Deficits of entropy modulation of the EEG: A biomarker for altered function in schizophrenia and bipolar disorder?

Deficits of entropy modulation of the EEG: A biomarker for altered function in schizophrenia and bipolar disorder?

J Psychiatry Neurosci 2020;45(5):322-333 | PDF | Appendix

Vicente Molina, MD, PhD; Alba Lubeiro, PhD; Rodrigo de Luis Garcia, PhD; Javier Gomez-Pilar, PhD; Oscar Martín-Santiago, MD, PhD; María Iglesias-Tejedor, MD; Pedro Holgado-Madera, MD; Rafael Segarra-Echeverría, MD, PhD; María Recio-Barbero, MSc; Pablo Núñez, MSc; Mahmoud Karim Haidar, MD; Jessica Fernández-Sevillano, MSc; Javier Sanz-Fuentenebro, MD, PhD

Background: The synchronized activity of distributed neural assemblies — reflected in the electroencephalogram (EEG) — underpins mental function. In schizophrenia, modulation deficits of EEG spectral content during a P300 task have been replicated. The effects of treatment, chronicity and specificity in these deficits and their possible relationship with anatomic connectivity remain to be explored.

Methods: We assessed spectral entropy modulation of the EEG during a P300 task in 79 patients with schizophrenia (of those, 31 were in their first episode), 29 patients with bipolar disorder and 48 healthy controls. Spectral entropy values summarize EEG characteristics by quantifying the irregularity of spectral content. In a subsample, we calculated the network architecture of structural connectivity using diffusion tensor imaging and graph-theory parameters.

Results: We found significant spectral entropy modulation deficits with task performance in patients with chronic or first-episode schizophrenia and in patients with bipolar disorder, without significant pre-stimulus spectral entropy differences. The deficits were unrelated to treatment doses, and spectral entropy modulation did not differ between patients taking or not taking antipsychotics, lithium, benzodiazepines or antidepressants. Structural connectivity values were unrelated to spectral entropy modulation. In patients with schizophrenia, spectral entropy modulation was inversely related to negative symptoms and directly related to verbal memory.

Limitations: All patients were taking medication. Patients with bipolar disorder were euthymic and chronic. The cross-sectional nature of this study prevented a more thorough analysis of state versus trait criteria for spectral entropy changes.

Conclusion: Spectral entropy modulation with task performance is decreased in patients with schizophrenia and bipolar disorder. This deficit was not an effect of psychopharmacological treatment or structural connectivity and might reflect a deficit in the synchronization of the neural assemblies that underlie cognitive activity.

Submitted Feb. 14, 2019; Revised Sep. 30, 2019; Accepted Nov. 17, 2019; Published online Feb. 26, 2020

Acknowledgements: This work has been supported by the following grants: the “Instituto de Salud Carlos III” (PI15/00299 and PI18/00178) the” Gerencia Regional de Salud de Castilla y León” (GRS GRS 1485/A/17 and GRS 1721/A/18); the ‘Ministerio de Economía, Industria y Competitividad” and FEDER (TEC2014-53196-R), “Consejería de Educación de la Junta de Castilla y León” (VA059U13 and VA057P17); and predoctoral fellowship to A. Lubeiro (“Consejería de Educación Junta de Castilla y León”). J. Gomez-Pilar is supported by a predoctoral fellowship from the University of Valladolid. P. Holgado-Madera is supported by a predoctoral fellowship from the Consejería de Educación Junta de Castilla y León and European Social Fund. P. Núñez is supported by a predoctoral scholarship ‘Ayuda para contratos predoctorales para la Formación de Profesorado Universitario (FPU)’ from the ‘Ministerio de Educación, Cultura y Deporte’ (FPU17/00850). J. Fernández-Sevillano is supported by the Predoctoral Training Programme of the Education Department of the Basque Government.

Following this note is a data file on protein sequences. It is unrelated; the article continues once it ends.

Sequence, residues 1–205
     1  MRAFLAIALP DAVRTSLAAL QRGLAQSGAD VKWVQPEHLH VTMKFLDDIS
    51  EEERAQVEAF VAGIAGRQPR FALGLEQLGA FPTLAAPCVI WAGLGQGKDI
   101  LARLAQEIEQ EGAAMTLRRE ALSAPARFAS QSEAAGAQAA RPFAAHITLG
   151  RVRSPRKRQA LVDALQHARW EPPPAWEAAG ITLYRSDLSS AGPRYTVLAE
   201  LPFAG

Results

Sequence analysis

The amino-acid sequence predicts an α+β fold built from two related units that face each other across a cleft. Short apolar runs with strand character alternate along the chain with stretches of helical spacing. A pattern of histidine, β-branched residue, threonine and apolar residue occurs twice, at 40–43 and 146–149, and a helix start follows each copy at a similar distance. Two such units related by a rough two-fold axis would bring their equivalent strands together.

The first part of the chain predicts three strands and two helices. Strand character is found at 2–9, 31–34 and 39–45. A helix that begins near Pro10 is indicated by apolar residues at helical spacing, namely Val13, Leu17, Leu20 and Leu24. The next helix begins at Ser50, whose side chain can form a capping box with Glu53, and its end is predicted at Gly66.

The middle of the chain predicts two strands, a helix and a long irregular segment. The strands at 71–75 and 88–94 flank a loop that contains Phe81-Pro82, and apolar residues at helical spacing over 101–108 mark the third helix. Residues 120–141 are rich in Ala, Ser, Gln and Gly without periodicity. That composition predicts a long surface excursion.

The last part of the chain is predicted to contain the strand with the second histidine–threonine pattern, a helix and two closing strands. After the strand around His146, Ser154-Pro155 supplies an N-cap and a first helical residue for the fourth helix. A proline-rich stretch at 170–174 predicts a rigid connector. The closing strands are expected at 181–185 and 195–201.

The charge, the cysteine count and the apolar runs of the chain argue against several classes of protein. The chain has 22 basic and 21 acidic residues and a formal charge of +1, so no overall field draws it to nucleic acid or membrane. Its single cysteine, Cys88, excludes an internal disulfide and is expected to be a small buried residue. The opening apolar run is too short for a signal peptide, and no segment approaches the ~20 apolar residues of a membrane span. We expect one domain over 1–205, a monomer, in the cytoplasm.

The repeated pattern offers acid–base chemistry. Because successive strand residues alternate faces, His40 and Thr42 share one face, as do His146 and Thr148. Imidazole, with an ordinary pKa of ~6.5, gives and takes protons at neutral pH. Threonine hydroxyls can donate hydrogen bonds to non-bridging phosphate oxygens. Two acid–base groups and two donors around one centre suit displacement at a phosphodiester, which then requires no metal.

Affiliations: From the Psychiatry Department, School of Medicine, University of Valladolid, Valladolid, Spain (Molina, Lubeiro); the Psychiatry Service, Clinical Hospital of Valladolid, Valladolid, Spain (Molina, Martín-Santiago); the Neurosciences Institute of Castilla y León (INCYL), University of Salamanca, Salamanca, Spain (Molina); the Imaging Processing Laboratory, University of Valladolid, Valladolid, Spain (de Luis Garcia); the Biomedical Engineering Group, University of Valladolid, Valladolid, Spain (Gomez-Pilar, Núñez); the Neurophysiology Service, Clinical Hospital of Valladolid, Valladolid, Spain (Iglesias-Tejedor); the Psychiatry Service, Doce de Octubre University Hospital, Madrid, Spain (Holgado-Madera, Sanz-Fuentenebro); the Psychiatry Service, Cruces Hospital, Bilbao, Spain (Segarra-Echeverría, Recio-Barbero); and the Psychiatry Service, Santiago Apostol Hospital, Vitoria, Spain (Haidar, Fernández-Sevillano).

Competing interests: None declared.

Contributors: V. Molina and R. de Luis Garcia designed the study. V. Molina, A. Lubeiro, O. Martín-Santiago, M. Iglesias-Tejedor, P. Holgado-Madera, R. Segarra-Echeverría, M. Recio-Barbero, P. Núñez, M. Haidar, J. Fernández-Sevillano and J. Sanz-Fuentenebro acquired the data, which V. Molina, R. de Luis Garcia, J. Gomez-Pilar and P. Núñez analyzed. V. Molina and A. Lubeiro wrote the article, which all authors reviewed. All authors approved the final version for publication and can certify that no other individuals not listed as authors have made substantial contributions to the paper.

DOI: 10.1503/jpn.190032

Correspondence to: V. Molina, Department of Psychiatry, School of Medicine, University of Valladolid. Av. Ramón y Cajal, 7, Valladolid 48005, Spain;